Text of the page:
Pregnancy loss: Will it happen again?

The loss of a pregnancy or a baby is a very difficult experience. Whether you had a miscarriage, stillbirth or your baby died soon after birth, it’s normal to have mixed feelings about a future pregnancy. Miscarriage is when a baby dies in the womb before 20 weeks of pregnancy. Stillbirth is when a baby dies in the womb after 20 weeks of pregnancy.

You may want to get pregnant again right away. Or you may want to wait awhile. You may be worried that you may have another loss in your next pregnancy. Share your feelings with your partner and decide together what’s right for your family.

How long to wait before getting pregnant again?

This is a decision for you to make with your partner and your provider. When to try again depends on a few things, like:

  • Giving your body time to recover before your next pregnancy
  • Being emotionally ready to try again
  • Giving yourself time to grieve for your baby

Talk to your provider about how long to wait before you try to get pregnant again. If your baby died during pregnancy and you’re having tests to find out more about what happened, you may need to wait until you’ve had the tests before you start trying to get pregnant again. If you’ve had a miscarriage, it’s usually OK to get pregnant again after you’ve had at least one normal period. Every situation is different, and you can decide the right timing for you and your family.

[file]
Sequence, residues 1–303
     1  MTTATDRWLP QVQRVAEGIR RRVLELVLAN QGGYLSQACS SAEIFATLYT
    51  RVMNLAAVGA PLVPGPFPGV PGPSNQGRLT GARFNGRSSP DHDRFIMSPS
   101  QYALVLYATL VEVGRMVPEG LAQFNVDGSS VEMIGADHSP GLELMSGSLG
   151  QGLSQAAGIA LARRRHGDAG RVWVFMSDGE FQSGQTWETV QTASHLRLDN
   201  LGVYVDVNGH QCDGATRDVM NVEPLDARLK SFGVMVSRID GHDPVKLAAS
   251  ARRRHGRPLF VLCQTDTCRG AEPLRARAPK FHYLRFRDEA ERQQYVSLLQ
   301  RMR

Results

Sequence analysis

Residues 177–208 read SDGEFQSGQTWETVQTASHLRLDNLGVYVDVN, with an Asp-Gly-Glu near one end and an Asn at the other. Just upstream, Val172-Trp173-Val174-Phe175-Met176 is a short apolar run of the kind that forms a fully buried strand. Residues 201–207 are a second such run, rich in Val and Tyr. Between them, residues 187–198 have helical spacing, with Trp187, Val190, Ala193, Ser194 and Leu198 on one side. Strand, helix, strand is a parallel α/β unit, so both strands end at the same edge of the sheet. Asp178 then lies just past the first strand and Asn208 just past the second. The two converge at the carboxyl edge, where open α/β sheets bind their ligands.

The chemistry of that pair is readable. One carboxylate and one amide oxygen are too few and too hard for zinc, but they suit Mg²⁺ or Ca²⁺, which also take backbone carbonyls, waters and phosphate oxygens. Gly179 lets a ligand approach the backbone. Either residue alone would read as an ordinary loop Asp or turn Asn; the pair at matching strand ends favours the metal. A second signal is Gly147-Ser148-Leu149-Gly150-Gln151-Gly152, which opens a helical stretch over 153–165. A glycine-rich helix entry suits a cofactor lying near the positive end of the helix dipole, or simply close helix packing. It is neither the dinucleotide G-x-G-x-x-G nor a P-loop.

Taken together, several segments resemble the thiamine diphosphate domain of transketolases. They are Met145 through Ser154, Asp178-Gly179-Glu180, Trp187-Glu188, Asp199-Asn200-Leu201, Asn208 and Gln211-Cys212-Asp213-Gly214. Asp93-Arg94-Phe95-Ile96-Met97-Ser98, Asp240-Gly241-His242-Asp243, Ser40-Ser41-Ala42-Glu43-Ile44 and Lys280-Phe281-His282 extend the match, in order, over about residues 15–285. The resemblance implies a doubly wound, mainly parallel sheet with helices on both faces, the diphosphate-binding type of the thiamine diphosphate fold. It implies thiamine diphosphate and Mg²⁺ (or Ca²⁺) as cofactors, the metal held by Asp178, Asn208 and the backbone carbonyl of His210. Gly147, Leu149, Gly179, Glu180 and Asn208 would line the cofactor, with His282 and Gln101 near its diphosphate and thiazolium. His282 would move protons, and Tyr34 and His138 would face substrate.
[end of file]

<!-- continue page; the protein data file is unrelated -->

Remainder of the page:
For most women younger than 35 who haven’t had a miscarriage or stillbirth, it’s best to wait at least 18 months (1½ years) from the end of one pregnancy before getting pregnant again. This gives your body time to recover before your next pregnancy.

Here are few things you can do as you think about getting pregnant again:

  • Share your feelings with your partner about getting pregnant again. Find out how your partner feels, too.
  • Be hopeful. Remind yourself that every pregnancy is different. Just because you’ve had a loss, it doesn’t mean it will happen again.
  • Reduce your stress. Cut back on activities you don’t need to do. Talk with your provider or a counselor about ways you can reduce stress.
  • Don’t smoke, drink alcohol or use harmful drugs. Talk to your provider if you need help to quit.
  • Eat healthy foods and take a vitamin supplement with 400 mcg of folic acid every day. Do something active every day.
  • Get a preconception checkup. This is a medical checkup you get before pregnancy to help make sure you’re healthy when you get pregnant. Talk to your provider about all the medications you take and get caught up with your vaccinations.

For more information

  • From hurt to healing (free booklet from the March of Dimes for grieving parents)
  • Share Your Story (March of Dimes online community for families to share experiences with prematurity, birth defects or loss)
  • Visit our new Wall of Remembrance, a space for parents and loved ones living with loss to pay tribute and share their story.